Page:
I didn’t know this, but Jad told me that they put an oxygen mask on Kamren as Jad carried him to the ambulance.

When I was put in the ambulance, I told the EMTs we needed our bags. I am glad I said that or otherwise we wouldn’t have gotten any pictures of the beginning of Kamren’s life. While all this was happening, my mom, brother and sister had hopped in the car and driven to Mebane. They followed the ambulance from Sheetz to the hospital.

On the way to UNC Hospital, I held Kamren close while one of the male EMTs rubbed him vigorously with warm towels. I remember being worried about him. He was so blue/gray and not moving much. I was glad whenever he let out a little cry.

The EMTs monitored my baby’s little heart and took my blood pressure. One of them tried to put an IV in my hand, which hurt terribly, but then after all that, he was unsuccessful. I was irritated about that. I wish he had just asked me where a good vein was.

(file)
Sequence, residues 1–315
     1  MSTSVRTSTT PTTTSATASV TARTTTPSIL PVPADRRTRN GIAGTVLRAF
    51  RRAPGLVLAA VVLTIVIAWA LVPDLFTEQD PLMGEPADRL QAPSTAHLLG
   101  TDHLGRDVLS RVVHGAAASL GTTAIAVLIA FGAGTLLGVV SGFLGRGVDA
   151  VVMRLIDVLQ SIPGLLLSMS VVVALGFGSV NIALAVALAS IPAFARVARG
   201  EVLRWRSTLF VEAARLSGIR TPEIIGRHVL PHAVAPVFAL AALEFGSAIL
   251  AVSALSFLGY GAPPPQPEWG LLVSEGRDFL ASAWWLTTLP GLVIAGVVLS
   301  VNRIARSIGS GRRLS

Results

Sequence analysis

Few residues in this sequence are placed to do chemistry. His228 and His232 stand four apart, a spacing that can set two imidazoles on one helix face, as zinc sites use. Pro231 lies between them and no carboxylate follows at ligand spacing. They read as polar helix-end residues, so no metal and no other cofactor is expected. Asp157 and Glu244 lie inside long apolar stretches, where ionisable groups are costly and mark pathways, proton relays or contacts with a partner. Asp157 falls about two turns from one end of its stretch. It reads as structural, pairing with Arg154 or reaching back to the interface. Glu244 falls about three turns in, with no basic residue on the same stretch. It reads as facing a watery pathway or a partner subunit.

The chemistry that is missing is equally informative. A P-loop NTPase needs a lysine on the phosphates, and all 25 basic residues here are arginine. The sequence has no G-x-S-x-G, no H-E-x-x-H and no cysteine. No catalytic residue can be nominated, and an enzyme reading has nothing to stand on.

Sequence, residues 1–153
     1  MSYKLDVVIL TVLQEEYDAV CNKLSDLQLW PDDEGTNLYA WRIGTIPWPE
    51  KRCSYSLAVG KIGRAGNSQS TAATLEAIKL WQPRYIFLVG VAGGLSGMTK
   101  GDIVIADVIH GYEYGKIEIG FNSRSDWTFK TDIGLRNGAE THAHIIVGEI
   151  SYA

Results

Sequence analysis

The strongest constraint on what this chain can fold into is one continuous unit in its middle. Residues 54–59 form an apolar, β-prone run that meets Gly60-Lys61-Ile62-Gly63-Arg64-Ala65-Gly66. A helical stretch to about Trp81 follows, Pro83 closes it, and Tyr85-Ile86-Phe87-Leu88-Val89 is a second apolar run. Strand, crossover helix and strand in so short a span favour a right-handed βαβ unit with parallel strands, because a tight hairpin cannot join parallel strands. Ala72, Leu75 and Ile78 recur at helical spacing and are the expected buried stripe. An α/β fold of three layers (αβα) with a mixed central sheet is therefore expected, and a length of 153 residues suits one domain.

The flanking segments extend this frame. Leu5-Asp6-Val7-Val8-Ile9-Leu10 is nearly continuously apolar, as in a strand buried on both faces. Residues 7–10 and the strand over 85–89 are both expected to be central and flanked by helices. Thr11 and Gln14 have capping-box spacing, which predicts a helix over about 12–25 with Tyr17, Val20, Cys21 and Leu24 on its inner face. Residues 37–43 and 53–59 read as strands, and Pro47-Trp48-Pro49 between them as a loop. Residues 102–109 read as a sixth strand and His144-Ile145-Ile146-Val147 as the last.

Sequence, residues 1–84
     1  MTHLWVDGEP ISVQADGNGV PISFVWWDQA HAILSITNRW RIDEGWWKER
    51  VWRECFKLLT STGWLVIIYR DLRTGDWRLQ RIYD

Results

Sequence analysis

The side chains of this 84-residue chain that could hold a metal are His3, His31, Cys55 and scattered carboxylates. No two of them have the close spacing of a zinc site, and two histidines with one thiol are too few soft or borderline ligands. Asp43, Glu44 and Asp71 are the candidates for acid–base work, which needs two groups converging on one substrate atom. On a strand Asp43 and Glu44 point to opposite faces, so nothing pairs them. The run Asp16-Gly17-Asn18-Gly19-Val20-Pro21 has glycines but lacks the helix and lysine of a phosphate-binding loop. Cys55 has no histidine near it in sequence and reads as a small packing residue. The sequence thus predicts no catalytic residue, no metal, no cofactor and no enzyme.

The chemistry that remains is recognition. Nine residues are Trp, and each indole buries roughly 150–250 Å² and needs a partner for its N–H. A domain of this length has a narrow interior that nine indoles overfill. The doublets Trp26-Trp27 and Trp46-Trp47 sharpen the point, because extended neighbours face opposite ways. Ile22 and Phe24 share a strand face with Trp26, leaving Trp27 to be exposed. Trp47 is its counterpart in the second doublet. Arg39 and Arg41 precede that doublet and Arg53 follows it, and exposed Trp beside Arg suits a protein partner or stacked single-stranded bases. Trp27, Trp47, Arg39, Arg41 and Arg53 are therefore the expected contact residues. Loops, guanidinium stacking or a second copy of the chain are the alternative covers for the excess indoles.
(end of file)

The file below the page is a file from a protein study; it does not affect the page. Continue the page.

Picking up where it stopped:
Other than that moment of slight annoyance, I think I was pretty much in a daze. Jad said he was feeling really happy everything was okay. He actually videotaped our trip to the hospital.

When we got there, I was rolled to a room. I remember feeling very unsafe on the stretcher and held on very tightly to my baby.

When we got to the room, a nurse took Kamren and put him under a warming lamp. I was given the task of moving from the stretcher to the hospital bed, which was actually very difficult.

I was in a lot of pain, especially in my back and my lower abdomen. It also hurt terribly to get sewn up, even after getting numbed with the huge needle. I don’t think the numbing process even helped. I said “ow” way more than I wanted to. This was the first time I felt myself being sewn up after having a baby.

During this whole experience, I am sure I wanted to cry. I never did, though, until after I was already in the hospital. I don’t remember exactly when it was, but I know it was during a time when it was quiet and Jad, my wonderful husband and hero, was standing next to me.